Etymology
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company (n.)

mid-12c., "large group of people," from Old French compagnie "society, friendship, intimacy; body of soldiers" (12c.), from Late Latin companio, literally "bread fellow, messmate," from Latin com "with, together" (see com-) + panis "bread," from PIE root *pa- "to feed." Abbreviation co. dates from 1670s. 

Meaning "companionship, consort of persons one with another, intimate association" is from late 13c. Meaning "person or persons associated with another in any way" is from c. 1300. In Middle English the word also could mean "sexual union, intercourse" (c. 1300).

From late 14c. as "a number of persons united to perform or carry out anything jointly," which developed a commercial sense of "business association" by 1550s, the word having been used in reference to trade guilds from late 14c. Meaning "subdivision of an infantry regiment" (in 19c. usually 60 to 100 men, commanded by a captain) is from c. 1400. 

Meaning "person or persons with whom one voluntarily associates" is from c. 1600; phrase keep company "consort" is from 1560s (bear company in the same sense is from c. 1300). Expression two's company "two persons are just right" (for conversation, etc.), is attested from 1849; the following line varies: but three is none (or not), 1849; three's trumpery (1864); three's a crowd (1856). 

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co. 

by 1670s as an abbreviation of company in the business sense, indicating the partners in the firm whose names do not appear in its name. Hence and co. to indicate "the rest" of any group (1757).

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*pa- 
*pā-, Proto-Indo-European root meaning "to protect, feed."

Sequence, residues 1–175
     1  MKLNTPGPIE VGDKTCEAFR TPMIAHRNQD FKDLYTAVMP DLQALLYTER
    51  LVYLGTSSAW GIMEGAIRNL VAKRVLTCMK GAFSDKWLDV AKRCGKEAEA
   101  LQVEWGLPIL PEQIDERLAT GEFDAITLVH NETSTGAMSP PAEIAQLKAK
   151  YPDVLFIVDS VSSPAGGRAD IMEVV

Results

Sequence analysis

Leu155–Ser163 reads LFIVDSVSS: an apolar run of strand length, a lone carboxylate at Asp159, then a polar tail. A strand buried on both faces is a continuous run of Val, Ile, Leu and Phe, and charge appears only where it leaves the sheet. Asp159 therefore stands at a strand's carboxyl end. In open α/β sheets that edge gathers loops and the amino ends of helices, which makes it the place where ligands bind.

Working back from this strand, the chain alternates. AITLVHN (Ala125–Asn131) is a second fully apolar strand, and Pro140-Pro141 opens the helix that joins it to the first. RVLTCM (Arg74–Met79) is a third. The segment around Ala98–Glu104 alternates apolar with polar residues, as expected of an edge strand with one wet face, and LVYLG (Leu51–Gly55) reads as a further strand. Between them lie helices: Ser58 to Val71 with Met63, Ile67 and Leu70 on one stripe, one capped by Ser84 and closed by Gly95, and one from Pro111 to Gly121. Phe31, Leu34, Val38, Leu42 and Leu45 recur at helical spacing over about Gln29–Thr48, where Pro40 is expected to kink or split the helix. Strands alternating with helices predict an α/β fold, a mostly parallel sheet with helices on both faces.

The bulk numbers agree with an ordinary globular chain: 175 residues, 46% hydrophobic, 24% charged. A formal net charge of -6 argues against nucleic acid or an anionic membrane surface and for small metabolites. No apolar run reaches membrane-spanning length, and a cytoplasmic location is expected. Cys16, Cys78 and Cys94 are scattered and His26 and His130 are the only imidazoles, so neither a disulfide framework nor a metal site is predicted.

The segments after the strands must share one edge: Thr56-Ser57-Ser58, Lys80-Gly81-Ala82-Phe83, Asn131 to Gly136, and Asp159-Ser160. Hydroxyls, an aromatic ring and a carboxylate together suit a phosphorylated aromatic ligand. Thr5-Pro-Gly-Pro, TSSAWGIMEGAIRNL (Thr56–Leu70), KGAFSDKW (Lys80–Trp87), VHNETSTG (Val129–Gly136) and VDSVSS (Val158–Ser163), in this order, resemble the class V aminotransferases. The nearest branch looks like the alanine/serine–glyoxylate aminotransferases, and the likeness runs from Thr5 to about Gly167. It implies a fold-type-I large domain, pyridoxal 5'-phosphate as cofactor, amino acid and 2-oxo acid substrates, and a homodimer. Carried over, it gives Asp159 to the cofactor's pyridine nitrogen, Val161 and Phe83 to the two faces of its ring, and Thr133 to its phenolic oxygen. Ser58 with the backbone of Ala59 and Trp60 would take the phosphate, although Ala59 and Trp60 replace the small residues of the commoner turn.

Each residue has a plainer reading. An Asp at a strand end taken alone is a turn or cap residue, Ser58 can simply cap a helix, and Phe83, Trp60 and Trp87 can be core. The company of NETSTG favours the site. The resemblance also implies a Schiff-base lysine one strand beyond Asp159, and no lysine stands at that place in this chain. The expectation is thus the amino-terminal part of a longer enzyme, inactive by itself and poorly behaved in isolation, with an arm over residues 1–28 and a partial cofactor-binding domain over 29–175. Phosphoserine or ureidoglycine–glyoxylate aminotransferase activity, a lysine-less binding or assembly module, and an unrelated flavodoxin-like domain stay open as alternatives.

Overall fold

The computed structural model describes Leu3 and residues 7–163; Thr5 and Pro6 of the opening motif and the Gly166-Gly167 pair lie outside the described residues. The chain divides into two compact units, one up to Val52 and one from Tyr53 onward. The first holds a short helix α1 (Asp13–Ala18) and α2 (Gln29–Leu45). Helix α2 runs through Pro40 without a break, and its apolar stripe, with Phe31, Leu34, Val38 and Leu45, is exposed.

It forms all or part of: antipasto; appanage; bannock; bezoar; companion; company; feed; fodder; food; forage; foray; foster; fur; furrier; impanate; pabulum; panatela; panic (n.2) "type of grass;" pannier; panocha; pantry; pastern; pastor; pasture; pester; repast; satrap.

It is the hypothetical source of/evidence for its existence is provided by: Greek pateisthai "to feed;" Latin pabulum "food, fodder," panis "bread," pasci "to feed," pascare "to graze, pasture, feed," pastor "shepherd," literally "feeder;" Avestan pitu- "food;" Old Church Slavonic pasti "feed cattle, pasture;" Russian pishcha "food;" Old English foda, Gothic fodeins "food, nourishment."
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troupe (n.)
1825, "company, band," especially of performers, actors, dancers, etc., from French troupe "company" (see troop (n.)).
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Lacoste 
Paris-based high-end apparel company, founded 1933, named for company co-founder René Lacoste (1904-1996).
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Dictaphone (n.)

dictation recording and reproduction machine, trademarked by the Columbia Graphophone Company in 1907; from dictation + -phone. A separate company from 1923.

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Avis 

U.S. car rental company, according to company history founded 1946 at Willow Run Airport in Detroit by U.S. businessman Warren Avis and named for him.

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LLC 
abbreviation of Limited Liability Company (see limited).
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companionship (n.)

"fellowship, association, company," 1540s, from companion + -ship.

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klaxon (n.)
"loud warning horn," 1908, originally on automobiles, said to have been named for the company that sold them (The Klaxon Company; distributor for Lovell-McConnell Manufacturing Co., Newark, New Jersey), but probably the company was named for the horn, from a made-up word likely based on Greek klazein "to roar," which is cognate with Latin clangere "to resound" (compare clang).
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